The rallying cry is, “Let’s change healthcare!” From all corners of the medical universe, there is agreement that change is necessary. The biggest questions are, “What is the change?” and, “Who will make it happen?”
I don’t pretend to have the answers, but I do know this: when there’s a rallying cry for change, there’s an opportunity for a pioneering effort to take hold, and the release of MedFit Professional Magazine is evidence of that effort taking shape.
We live in a society of understandable impatience. In other arenas, we’ve witnessed near-instantaneous change. Breakthroughs in technology have altered the way we advertise, sell, purchase, and communicate; and innovations often restructure the landscape and the playing field in mere months.
Readjustment is vitally important for all entrepreneurs and flexibility has proven the most vital trait in businesses committed to longevity in this age of forced adaptation.
While the technological advances in medicine are astounding, and we’ve seen radical innovations in exercise equipment and fitness monitoring, shifts in optimizing healthcare are disturbingly slow to manifest; and that’s for very good reason. When we talk about healthcare, we’re talking about the most sophisticated machine in existence – the human body – and more specifically, we’re talking about a sea of human bodies struggling to maintain the commodity we know as optimal health.
Doctors and health practitioners ideally work to empower patients to find systemic improvement, while fitness professionals seek to teach their clients to regenerate and recompose. These are anything but rapid processes. When we work to change the way a human body expresses the state of cellular condition, we have to work within the laws of nature, and in that lies part of the challenge.
The hunt for curative medications creates revenue, anticipation, and optimism, but we know that chronic disease cannot be “cured” by medication. If a treatment, surgical intervention, or injection could offer a sudden “fix,” healthcare would indeed be revolutionized.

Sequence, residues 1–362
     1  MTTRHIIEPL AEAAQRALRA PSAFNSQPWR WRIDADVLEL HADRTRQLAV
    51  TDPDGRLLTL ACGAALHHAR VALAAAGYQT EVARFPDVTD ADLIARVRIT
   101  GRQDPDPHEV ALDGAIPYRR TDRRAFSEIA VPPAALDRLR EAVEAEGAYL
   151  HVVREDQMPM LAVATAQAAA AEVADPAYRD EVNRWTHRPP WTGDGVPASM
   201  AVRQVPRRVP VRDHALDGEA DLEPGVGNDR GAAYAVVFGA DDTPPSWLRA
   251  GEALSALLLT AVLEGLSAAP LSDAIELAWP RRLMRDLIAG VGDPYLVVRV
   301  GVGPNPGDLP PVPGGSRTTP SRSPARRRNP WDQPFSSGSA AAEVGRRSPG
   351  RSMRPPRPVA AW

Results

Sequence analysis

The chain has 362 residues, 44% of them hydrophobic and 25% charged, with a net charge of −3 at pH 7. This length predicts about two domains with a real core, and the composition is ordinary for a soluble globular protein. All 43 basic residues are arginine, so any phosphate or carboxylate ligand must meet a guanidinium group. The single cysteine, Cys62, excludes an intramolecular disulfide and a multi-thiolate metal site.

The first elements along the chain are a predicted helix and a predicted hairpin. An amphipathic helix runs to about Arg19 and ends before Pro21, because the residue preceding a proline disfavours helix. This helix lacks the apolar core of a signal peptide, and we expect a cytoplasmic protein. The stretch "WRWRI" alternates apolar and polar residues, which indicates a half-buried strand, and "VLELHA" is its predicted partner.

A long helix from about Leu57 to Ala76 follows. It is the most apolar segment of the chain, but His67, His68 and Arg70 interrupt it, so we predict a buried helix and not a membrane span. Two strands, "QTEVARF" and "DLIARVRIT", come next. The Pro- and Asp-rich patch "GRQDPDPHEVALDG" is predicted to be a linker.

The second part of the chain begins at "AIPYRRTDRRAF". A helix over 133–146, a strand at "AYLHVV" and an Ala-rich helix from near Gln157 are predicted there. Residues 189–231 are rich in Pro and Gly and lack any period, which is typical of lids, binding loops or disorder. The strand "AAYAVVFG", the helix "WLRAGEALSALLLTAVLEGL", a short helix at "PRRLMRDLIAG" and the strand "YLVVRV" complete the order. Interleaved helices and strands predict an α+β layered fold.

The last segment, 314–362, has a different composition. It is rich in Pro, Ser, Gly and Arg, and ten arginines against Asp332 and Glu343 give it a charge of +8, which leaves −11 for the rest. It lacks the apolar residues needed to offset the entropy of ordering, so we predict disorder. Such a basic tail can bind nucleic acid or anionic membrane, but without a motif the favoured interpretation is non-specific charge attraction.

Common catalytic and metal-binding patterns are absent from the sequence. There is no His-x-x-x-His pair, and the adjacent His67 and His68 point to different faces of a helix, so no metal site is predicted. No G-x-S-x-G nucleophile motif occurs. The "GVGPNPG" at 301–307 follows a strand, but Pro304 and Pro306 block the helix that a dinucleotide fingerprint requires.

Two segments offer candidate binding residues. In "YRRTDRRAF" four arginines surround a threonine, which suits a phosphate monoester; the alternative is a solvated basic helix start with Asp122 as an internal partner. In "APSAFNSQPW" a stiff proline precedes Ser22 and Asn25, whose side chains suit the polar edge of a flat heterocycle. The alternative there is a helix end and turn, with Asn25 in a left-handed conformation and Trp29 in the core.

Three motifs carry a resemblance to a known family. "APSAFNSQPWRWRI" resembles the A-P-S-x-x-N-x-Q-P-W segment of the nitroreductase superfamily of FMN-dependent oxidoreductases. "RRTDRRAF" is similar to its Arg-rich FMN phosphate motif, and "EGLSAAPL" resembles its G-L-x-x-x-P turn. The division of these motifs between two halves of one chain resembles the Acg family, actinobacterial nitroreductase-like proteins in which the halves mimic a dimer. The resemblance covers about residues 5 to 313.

If true healthcare is linked to helping people find wellness, escape chronic disease with permanence, the only solutions proven to date are shifts in lifestyle, nutrition, movement, and mindset. While technological advancers seek “the miracle that will change medicine,” we have the ability to access “the miracle” of human healing.
If we’re going to truly pioneer entry into a new era, one in which medicine and fitness come together to provide effective interventions for human betterment, let’s recognize the need for human change, shifts initiated by a collective of medical practitioners, and fitness professionals willing to behave differently.
Ideally, a simple message will resonate. Here is that message:
To the physician: See what you haven’t seen. See the potential of helping patients return to divine health by connecting them with expertise in the realm of restorative exercise and nutritional interventions.
To the fitness professional: Do what you haven’t done. Realize that the medical field, justifiably, does not recognize “the personal trainer” as a peer, a colleague, or a professional. Don’t be offended by that truth but accept it as an opportunity for you to stand above mediocrity. Take the initiative and connect with medical professionals, respecting their skepticism, and prove the virtues of your newly found specialty – Medical Fitness.
Do we, the fitness professionals, truly have the power to “heal?” Yes. Here’s what gives us the power. Most chronic diseases are (unintentionally) self-induced. Progression along the “disease continuum” is often reversible and by understanding how, together with physicians, we can facilitate adaptation in endocrine balance, cellular integrity, and metabolic processes. We can partner with medicine to reverse the epidemic of chronic disease.
Now, it’s up to all of us. Let’s make it happen.
This article was featured in MedFit Professional Magazine summer 2019 issue.
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Phil Kaplan is a long-time fitness professional committed to helping individuals reverse chronic disease and has developed programs within the medical arena to bridge the gap between fitness and medicine and pave a pathway for change.